Charlotte Street Partners



On the fourth day

Written by Charlie Clegg, senior associate 
Edited by Iain Gibson, associate partner
15 April 2021

Good morning,

One question dogs my Sunday afternoons: “What am I actually doing?” Scots could soon have the privilege of asking themselves that question more often.

A four-day working week with no diminution in pay was among the policies supported, if not promised, in the Scottish Greens’ manifesto, unveiled yesterday.The party had already ramped up calls for the change back in October. Yesterday’s announcement comes soon after citizens’ advice charity, Advice Direct Scotland, urged all parties to back the change.

When even optimistic polls rarely give the Greens more than ten per cent of the regional vote, the party’s manifesto will not be a programme for government. That doesn’t mean Scotland’s heard the last of the four-day week, especially if trials elsewhere in the world prove successful.

Unilever’s New Zealand offices announced a trial of a four-day working week late last year, and only last week Spain launched a pilot to see if it was feasible.

In the context of current Scottish politics, however,  the merits and demerits of the four-day week are immaterial. It’s a glossy ‘world leading’ policy: something the SNP likes to discuss if not to advance. It may share the fate of the universal basic income: supported in principle by the Scottish government but not yet enacted.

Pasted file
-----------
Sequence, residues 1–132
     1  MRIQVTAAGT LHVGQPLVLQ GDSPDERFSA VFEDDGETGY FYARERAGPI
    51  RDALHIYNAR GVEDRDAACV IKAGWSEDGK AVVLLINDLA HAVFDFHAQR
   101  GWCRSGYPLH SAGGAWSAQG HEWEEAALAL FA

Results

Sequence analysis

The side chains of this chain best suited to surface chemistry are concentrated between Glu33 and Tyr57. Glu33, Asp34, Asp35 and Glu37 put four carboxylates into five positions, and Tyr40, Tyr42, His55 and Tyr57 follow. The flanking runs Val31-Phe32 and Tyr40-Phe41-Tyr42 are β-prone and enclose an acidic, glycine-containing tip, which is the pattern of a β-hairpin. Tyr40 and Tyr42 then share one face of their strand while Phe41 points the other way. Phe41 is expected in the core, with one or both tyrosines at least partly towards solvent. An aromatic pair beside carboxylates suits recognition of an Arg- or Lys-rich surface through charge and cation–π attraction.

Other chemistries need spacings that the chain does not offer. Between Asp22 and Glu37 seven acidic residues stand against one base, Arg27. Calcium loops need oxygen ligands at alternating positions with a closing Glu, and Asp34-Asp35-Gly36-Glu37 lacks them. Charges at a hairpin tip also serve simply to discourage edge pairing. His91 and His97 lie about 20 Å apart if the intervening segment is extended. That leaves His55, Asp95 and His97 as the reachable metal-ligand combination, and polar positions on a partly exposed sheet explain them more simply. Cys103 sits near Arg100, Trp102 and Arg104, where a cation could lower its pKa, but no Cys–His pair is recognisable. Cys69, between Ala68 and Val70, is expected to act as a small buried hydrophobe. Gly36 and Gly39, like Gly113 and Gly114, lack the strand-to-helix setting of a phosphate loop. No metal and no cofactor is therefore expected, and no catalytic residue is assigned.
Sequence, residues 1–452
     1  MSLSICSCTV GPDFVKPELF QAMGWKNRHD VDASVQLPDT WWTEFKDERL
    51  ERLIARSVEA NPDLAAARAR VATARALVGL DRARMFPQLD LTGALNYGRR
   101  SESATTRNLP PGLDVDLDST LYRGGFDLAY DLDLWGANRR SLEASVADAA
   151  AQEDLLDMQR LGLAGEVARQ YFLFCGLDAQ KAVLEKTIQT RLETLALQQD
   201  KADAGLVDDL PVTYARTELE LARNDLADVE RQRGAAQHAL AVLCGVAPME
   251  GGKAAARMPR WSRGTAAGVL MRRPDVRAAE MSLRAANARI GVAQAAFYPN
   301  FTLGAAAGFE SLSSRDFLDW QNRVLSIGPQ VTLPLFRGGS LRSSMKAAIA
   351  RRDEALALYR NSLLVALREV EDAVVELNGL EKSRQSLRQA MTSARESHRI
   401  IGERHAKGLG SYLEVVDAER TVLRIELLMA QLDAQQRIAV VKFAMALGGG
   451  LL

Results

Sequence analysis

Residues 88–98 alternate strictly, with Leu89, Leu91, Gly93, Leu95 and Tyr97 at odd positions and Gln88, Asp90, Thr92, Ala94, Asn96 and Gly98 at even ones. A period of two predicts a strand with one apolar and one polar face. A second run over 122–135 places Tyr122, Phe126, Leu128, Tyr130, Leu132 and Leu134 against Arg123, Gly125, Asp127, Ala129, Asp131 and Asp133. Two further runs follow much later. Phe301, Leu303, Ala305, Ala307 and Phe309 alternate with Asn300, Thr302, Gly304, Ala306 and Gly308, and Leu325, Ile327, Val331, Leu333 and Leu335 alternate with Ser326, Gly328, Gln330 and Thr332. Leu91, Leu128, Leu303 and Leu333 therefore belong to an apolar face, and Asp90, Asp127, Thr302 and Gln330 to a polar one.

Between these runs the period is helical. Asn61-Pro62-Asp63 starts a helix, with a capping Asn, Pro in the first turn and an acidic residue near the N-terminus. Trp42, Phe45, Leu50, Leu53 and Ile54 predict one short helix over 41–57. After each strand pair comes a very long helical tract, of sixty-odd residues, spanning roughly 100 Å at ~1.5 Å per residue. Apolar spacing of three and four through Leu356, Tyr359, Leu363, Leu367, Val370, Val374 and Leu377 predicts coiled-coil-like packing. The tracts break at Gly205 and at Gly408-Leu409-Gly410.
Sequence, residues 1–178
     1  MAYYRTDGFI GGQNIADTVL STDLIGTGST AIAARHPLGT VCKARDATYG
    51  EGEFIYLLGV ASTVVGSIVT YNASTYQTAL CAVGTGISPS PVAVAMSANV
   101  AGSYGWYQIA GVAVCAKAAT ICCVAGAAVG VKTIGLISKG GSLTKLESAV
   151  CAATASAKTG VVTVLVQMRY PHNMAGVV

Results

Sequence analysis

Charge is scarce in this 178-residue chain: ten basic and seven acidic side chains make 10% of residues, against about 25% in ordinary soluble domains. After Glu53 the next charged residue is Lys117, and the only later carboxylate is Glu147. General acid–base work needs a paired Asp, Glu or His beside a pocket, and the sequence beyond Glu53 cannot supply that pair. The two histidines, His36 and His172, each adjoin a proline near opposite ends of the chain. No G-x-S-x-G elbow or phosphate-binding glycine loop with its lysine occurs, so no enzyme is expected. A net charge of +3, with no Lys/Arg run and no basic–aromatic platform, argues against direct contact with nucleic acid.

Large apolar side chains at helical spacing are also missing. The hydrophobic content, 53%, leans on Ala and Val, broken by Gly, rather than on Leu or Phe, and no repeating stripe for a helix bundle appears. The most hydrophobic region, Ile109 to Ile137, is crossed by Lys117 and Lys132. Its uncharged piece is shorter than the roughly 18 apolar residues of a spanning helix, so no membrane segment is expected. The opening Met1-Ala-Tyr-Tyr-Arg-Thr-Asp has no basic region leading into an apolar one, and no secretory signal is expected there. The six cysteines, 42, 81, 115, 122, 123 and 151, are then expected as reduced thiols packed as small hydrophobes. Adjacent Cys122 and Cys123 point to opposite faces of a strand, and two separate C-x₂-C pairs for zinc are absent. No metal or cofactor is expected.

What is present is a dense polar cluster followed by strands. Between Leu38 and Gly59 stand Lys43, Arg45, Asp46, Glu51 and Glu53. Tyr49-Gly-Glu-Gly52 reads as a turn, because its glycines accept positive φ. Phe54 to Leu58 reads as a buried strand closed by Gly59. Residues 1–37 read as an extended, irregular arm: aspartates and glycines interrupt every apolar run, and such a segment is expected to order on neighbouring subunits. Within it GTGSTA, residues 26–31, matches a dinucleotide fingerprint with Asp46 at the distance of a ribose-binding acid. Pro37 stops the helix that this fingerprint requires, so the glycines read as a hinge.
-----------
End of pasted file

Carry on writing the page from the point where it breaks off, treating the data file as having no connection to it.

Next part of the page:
And like the universal basic income, which the SNP may yet discuss some more, it provides a radical veneer to the Scottish government’s distinctly un-radical economic approach. Green ideas, even a Green coalition, could prove appealing for a party that has been in government for 14 years and stuck for ideas for at least seven.

After 6 May 2021, Scotland won’t have a Green-led government. By 2026, when this parliament ends, Scotland won’t have a standard four-day week. We may well, however, be thinking about it with all the pensiveness of a Sunday afternoon.


David Cameron has said he will “respond positively” to any request from MPs to speak about his conversations with former government colleagues on collapsed finance firm, Greensill Capital. The former prime minister already faces an independent inquiry but the Commons’ Treasury Committee yesterday announced plans for its own probe.  

The European Union will not renew its vaccine contracts with Astrazeneca and Johnson and Johnson. The news comes as Denmark ended use of the Astrazeneca vaccine entirely. At the same time, Pfizer, who produce the EU’s referred vaccine, is, according to Bulgarian prime minster Bokyo Borissov, planning to hike the cost of a dose from €12 per dose to €19.50 

The Equality and Human Rights Commission has warned the UK government that vaccine passports for major events this summer could create a “two-tier society” and create unlawful discrimination. The body also recommended that the government does not introduce a “no jab, no job” policy for care home staff until all adults have been vaccinated. 

Business and economy

Asda is planning to overhaul its in-store bakeries: a move that could affect the 1,200 jobs linked to the units. The supermarket chain will move towards centralised bakeries. At the same time, the company claimed it was creating 4,500 jobs and would prioritise moving bakery staff into other roles. (£)